But Crosby was clearly unhappy. "During rehearsals [at Young's ranch in La Honda, south of San Francisco], we never had time to go all the way through the show, see how long forty-four songs would take," said Crosby. "It was an honest mistake. I gave too much and ended up cheating Vancouver. I felt bad. I'd let them down and I'd let the band down." But, as Nash and Stills and manager Elliott Roberts said, the group cannot contain itself, once onstage. Crosby agreed. "I get to a song like 'Ohio' [which closed the opening electric set] and you know me. To hold back on that ... Well I don't believe in controlled mediocrity."
Crosby, Stills, Nash and Young are uniquely attractive, for some obvious musical reasons and, not insignificantly, for some more mysterious personal ones. The fact that the group broke up at the height of success in 1970 was puzzling enough. That Graham Nash would later attribute the split to "stupid, infantile ego problems" made it only more interesting. Then came the annual announcements of impending reunions, followed by almost ritual withdrawals of those announcements. The most recent was last winter, when the four got together in Hawaii, sang together and even worked up some new material "We realized how good it could be," said Crosby. "But," and he slowed the next sentence down: "We-weren't- quite ready-to-do it. A couple of us weren't."
Elliot Roberts said, "It started to look like bullshit." Roberts, who manages Crosby, Nash and Young, finally went to each man, got summer cleared, and began mapping out the season's biggest rock & roll tour, some thirty dates, most of them much larger than the kickoffs in Seattle and Vancouver July 9 and 10. Two shows at the Oakland Coliseum July 13 and 14 drew a reported total 76,000; another outdoor shot - at the Ontario dance figures in Houston, Denver, St. Louis, Kansas City, Milwaukee and several other spots. Unofficial total gross estimates ranged from $6 million to $10 million, with between 800,000 and a million persons paying an average ticket price of $8.50.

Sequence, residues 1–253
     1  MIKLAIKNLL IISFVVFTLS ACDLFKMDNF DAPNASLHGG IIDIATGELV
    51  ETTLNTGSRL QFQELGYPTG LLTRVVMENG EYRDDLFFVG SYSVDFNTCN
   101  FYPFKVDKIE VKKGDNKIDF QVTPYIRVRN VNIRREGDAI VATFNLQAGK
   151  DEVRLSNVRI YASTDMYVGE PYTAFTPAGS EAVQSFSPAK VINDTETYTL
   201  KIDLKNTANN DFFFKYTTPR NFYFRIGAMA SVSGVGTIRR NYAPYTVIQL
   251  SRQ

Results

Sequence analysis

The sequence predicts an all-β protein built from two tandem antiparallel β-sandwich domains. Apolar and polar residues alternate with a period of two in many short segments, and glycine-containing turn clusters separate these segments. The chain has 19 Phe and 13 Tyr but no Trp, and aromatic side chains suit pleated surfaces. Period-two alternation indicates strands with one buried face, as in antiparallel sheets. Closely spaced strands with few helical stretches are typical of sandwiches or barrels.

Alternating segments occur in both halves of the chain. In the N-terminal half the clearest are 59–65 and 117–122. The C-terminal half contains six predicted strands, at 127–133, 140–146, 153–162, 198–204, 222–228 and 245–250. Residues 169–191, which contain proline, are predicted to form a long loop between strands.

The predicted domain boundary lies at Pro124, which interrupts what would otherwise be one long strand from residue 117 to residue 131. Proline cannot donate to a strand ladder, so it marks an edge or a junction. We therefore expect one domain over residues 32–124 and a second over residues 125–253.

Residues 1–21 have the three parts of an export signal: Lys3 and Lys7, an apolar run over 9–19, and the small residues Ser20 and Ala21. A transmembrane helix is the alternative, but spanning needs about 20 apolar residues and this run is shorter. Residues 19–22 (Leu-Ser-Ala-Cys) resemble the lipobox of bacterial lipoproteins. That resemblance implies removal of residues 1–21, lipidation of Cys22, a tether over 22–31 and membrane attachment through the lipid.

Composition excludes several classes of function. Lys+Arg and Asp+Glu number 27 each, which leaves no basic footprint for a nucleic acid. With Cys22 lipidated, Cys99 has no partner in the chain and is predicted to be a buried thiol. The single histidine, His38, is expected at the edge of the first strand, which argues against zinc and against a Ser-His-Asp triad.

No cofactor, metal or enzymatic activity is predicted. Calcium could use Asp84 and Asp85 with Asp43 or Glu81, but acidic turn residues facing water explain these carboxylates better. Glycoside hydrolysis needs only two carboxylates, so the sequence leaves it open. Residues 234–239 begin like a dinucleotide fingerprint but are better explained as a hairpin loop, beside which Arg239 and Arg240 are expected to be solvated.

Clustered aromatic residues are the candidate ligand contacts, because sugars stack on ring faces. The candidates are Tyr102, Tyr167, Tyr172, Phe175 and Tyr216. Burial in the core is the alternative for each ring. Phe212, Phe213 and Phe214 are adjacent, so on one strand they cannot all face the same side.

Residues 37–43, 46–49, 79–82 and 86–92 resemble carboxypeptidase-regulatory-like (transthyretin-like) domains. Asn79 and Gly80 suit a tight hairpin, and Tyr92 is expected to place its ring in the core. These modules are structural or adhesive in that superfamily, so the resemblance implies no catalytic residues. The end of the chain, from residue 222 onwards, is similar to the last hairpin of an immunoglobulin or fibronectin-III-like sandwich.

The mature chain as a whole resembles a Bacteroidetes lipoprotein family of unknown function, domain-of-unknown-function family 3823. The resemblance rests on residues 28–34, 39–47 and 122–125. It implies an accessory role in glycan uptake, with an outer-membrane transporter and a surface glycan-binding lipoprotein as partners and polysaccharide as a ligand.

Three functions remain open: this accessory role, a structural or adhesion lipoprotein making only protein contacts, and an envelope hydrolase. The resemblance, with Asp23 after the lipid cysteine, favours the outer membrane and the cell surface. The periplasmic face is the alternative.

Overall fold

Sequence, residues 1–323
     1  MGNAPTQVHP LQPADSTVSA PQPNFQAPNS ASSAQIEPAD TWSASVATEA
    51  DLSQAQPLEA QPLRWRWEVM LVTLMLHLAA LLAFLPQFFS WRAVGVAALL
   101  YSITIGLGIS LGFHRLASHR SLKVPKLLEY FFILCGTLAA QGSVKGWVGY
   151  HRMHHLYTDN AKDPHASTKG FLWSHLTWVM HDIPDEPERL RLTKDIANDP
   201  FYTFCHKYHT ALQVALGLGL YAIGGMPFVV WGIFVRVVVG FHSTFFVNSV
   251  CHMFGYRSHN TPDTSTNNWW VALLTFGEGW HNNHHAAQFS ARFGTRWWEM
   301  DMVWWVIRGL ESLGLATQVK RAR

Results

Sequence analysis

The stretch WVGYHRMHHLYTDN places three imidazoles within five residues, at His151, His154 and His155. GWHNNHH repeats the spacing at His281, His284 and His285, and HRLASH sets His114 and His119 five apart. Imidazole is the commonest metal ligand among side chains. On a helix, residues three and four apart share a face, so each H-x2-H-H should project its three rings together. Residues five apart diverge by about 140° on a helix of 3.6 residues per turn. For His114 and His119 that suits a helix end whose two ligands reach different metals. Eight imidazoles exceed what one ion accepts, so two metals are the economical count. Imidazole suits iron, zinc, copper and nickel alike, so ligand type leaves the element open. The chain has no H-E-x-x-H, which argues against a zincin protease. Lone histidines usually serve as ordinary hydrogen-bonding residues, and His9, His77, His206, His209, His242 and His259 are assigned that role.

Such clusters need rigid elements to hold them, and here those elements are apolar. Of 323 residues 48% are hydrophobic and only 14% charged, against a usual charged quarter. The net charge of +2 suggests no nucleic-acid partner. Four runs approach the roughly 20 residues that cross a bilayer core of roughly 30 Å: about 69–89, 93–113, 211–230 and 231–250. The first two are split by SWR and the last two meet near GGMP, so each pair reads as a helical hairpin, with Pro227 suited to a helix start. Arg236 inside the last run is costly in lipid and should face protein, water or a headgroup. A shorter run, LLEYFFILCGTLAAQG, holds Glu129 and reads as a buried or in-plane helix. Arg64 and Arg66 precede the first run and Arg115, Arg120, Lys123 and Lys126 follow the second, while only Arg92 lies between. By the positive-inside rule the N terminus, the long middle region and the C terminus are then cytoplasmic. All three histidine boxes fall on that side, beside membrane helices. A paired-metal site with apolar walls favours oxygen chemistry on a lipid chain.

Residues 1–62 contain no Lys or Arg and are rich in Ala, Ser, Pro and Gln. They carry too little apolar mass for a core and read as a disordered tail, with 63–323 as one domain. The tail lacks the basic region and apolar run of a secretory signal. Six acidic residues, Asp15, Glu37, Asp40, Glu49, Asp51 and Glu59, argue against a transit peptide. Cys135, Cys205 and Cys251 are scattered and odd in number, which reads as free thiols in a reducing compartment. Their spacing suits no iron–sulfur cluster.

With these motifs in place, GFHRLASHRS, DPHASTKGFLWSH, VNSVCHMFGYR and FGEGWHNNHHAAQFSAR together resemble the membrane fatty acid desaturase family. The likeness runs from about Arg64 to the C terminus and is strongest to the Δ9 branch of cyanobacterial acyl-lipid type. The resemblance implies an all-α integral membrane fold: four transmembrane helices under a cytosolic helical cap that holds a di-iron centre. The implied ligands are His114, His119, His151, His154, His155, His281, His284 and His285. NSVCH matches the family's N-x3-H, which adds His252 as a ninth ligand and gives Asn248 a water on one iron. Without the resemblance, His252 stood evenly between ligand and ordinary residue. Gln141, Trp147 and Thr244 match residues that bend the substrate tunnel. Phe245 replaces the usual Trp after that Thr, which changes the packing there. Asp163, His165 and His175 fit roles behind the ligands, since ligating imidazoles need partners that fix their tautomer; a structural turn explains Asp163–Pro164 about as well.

Were CSNY back together only for the money? "Well," said Roberts, "it's not a benefit. But I'd have to say that money is not a factor." Crosby, while admitting that he has spent most of his money over the years, maintained that he does not need CSNY income in order to survive. The reason for the reunion, he said, should be clear: "It's the best goddamned music any of us has ever played - and we all know it."
In keeping with CSNY's nature, the schedule was not totally firm a week into the tour; a date had not yet been fixed for the closing show at Madison Square Garden, and whether a mid-September stop in London, at Wembley Pool, might extend to other parts of Europe, was still to be figured out. At the last minute, an invitation to Kenny Passarelli, who'd worked with Stills, to be the group's bassist was canceled, and the backup band consists of Tim Drummond, from Neil Young's tours and the Harvest and Time Fades Away albums, on bass; Joe Lala, from Manassas, on percussion, and Russ Kunkel, who backed Crosby and Nash on their tours and duet albums, on drums.